Poetry Analysis: Andrew Marvell’s “To His Coy Mistress”
The poem ‘To His Coy Mistress’ is written by Andrew Marvell, which revolves around a man who is trying to coax his lover to step out of her shyness and give herself into her bodily desires for him. His intentions are obvious with the way he addresses her throughout the poem, calling her shyness a “crime” that hinders their relationship from turning in to a sexual one; which the speaker desperately wants and justifies by using the fact that one has a very short amount of time in this world (1-2). He is trying to seduce her by telling her that time in this world is not enough for him to worship and adore her body:
A hundred years should go to praise
Thine eyes, and on thy forehead;
Two hundred to adore each breast,
But thirty thousand to the rest; (13-16)
The poem also gives great insight into the nature of the speaker as well. From the beginning, the speaker has made no real attempt to conceal his true feelings or intentions. He wants a sexual relationship with the woman, but he is running out of patience with her. Throughout the poem, the tone of the speaker oscillates between seriousness and playfulness. He is serious about his desires for the woman, but his words are often satirical and he even teases her by telling her all the outrageous things he wants to do with and to her.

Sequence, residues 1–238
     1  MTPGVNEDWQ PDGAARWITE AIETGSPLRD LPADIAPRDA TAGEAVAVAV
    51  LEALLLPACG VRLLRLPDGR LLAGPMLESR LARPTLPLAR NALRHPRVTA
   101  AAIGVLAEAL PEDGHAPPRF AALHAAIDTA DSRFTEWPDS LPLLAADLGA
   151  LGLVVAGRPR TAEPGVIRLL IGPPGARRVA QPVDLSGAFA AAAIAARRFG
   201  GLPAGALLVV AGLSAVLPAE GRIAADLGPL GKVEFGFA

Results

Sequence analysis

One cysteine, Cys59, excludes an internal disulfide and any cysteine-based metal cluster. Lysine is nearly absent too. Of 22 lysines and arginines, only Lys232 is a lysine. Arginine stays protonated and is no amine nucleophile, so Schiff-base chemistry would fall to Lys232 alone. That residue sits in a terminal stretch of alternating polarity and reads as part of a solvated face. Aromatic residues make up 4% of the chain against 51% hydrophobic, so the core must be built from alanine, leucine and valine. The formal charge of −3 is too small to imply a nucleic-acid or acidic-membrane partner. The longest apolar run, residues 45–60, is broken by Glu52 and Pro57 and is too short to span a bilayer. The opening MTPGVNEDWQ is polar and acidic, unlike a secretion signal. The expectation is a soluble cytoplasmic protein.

One minute the speaker is philosophizing on the transience of this youth, human beings and the world in general, whereas the next minute, he tells his lover that this is exactly why they need to make haste and consummate their love. He deems that their love for each other is contending against time, which is a destroyer of all beautiful things for an individual. He invokes his lover to cast her fears and virgin sensibilities aside and then come with him, rolling “…up into a single ball” (42) and enjoy the bounty of the union that is waiting for them.
Marvell, Andrew. “To His Coy Mistress”. The Oxford Book of English Verse. Ed. Christopher Ricks. Oxford: Oxford University Press, 1999.